A new poll suggests the election frenzy gripping the country's political class isn't stirring movement among voters.
The latest Canadian Press Harris-Decima survey finds the Conservatives maintaining a slight lead in popular support, with 34 per cent to the Liberals' 30 per cent. The NDP are at 15 per cent, the Bloc Quebecois at nine and the Greens at 10.
The findings are virtually unchanged from a survey a week ago, even though politicians have been jockeying non-stop for electoral advantage. An election could theoretically be triggered as early as Friday but the NDP are now signalling their intention to prop up Stephen Harper's minority Conservative government.
The telephone survey of just over 2,000 Canadians was conducted Sept. 3-13 and is considered accurate within a margin of error of 2.2 percentage points, 19 times in 20.
Big sample, HD uses last week's findings and this week's, dropping the last with each successive week. The fact that we see little movement is interesting, given the clear signals that the Liberals are "wearing" the election speculation.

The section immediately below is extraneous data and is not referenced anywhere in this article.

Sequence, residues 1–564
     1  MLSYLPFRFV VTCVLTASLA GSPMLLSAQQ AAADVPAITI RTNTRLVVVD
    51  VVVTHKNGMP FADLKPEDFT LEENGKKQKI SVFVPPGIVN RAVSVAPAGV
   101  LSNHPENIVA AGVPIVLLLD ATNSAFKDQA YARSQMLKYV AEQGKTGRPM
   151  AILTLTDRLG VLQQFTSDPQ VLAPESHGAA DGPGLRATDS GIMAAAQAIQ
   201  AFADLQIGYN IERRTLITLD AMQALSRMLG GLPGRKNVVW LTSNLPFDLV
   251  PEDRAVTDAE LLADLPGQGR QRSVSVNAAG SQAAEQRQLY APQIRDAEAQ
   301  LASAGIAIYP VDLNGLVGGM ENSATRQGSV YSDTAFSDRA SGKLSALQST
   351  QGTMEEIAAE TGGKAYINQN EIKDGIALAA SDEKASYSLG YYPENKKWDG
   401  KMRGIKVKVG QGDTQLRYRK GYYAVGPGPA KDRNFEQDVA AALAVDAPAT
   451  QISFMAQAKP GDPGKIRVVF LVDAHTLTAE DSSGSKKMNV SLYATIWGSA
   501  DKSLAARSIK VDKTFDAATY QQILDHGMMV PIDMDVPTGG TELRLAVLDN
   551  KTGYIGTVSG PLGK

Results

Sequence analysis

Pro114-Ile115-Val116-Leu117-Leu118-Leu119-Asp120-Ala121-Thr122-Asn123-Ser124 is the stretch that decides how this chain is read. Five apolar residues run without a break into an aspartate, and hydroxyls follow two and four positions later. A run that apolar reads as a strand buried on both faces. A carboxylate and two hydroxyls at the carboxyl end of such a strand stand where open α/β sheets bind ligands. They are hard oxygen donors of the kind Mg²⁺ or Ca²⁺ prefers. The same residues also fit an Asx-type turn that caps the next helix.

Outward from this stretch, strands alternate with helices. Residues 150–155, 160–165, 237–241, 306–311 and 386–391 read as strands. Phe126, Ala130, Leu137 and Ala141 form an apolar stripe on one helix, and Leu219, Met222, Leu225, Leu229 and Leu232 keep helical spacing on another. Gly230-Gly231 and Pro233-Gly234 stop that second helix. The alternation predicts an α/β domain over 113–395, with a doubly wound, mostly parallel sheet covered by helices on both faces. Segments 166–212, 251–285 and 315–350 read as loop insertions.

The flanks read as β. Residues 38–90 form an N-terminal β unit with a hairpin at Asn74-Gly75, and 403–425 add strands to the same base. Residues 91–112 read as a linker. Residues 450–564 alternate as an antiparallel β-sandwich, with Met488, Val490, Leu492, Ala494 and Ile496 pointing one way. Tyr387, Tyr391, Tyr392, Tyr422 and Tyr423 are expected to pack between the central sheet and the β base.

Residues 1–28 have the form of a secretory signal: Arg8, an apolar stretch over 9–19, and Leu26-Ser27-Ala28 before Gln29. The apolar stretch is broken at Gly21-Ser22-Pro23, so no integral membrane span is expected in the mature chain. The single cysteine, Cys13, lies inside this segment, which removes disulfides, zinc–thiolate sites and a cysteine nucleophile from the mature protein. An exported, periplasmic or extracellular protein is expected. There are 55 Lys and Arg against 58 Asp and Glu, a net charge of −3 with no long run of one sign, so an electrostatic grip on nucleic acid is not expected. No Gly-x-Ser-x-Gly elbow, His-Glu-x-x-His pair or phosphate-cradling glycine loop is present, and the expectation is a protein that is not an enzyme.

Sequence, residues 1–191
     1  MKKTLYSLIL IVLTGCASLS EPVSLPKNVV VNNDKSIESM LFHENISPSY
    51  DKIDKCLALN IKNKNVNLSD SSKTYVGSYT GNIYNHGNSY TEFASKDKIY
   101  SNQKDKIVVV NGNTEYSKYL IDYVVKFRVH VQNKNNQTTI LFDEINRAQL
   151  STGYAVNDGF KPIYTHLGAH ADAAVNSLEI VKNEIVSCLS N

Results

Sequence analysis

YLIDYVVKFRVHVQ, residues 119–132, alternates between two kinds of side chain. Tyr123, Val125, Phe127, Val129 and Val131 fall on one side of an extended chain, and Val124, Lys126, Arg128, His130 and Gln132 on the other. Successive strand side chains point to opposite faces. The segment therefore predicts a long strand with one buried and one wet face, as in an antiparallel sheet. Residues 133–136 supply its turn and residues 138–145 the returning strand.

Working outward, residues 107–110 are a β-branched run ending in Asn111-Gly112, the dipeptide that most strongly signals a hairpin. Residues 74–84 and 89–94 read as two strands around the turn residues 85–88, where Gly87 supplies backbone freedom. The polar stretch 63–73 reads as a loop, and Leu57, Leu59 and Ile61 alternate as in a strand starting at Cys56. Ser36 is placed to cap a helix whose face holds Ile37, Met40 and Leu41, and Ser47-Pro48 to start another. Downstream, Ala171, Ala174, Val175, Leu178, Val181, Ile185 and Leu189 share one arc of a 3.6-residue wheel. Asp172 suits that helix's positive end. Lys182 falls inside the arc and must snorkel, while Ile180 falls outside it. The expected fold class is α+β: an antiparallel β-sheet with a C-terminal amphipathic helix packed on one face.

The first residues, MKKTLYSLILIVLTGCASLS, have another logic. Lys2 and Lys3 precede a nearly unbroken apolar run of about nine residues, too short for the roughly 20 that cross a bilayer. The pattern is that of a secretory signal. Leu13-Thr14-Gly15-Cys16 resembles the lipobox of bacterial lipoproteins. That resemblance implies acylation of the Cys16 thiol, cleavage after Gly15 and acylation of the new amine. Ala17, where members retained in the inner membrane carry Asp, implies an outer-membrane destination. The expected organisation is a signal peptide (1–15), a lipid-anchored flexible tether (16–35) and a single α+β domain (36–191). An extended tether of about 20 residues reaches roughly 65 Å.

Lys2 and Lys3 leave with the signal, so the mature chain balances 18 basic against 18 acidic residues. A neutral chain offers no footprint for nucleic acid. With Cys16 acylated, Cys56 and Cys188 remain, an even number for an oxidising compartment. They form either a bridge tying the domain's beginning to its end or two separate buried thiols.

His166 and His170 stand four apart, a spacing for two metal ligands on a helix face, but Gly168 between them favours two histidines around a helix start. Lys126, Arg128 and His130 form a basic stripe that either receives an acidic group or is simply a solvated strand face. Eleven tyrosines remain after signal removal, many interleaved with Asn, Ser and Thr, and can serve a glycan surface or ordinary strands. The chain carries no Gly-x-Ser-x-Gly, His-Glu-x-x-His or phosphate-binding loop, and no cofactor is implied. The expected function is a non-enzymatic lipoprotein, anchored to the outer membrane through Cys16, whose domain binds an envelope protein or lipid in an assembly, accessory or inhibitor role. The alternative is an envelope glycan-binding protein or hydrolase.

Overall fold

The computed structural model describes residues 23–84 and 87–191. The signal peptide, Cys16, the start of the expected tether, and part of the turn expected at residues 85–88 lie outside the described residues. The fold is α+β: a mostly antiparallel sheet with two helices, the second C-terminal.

In Ontario, the survey found the Liberals and Tories in a statistical dead heat, with 38 per cent and 35 per cent support respectively. The NDP was a distant third with 15 per cent while the Greens had 10 per cent.
In Quebec, the Bloc extended its lead slightly. The separatist party stood at 39 per cent, with the Liberals at 30 per cent, the Tories at 16, the NDP at seven and the Greens at six.
The Conservatives maintained the advantage in B.C., with 36 per cent. The Liberals and NDP were tied at 23 per cent while the Greens had 17 per cent.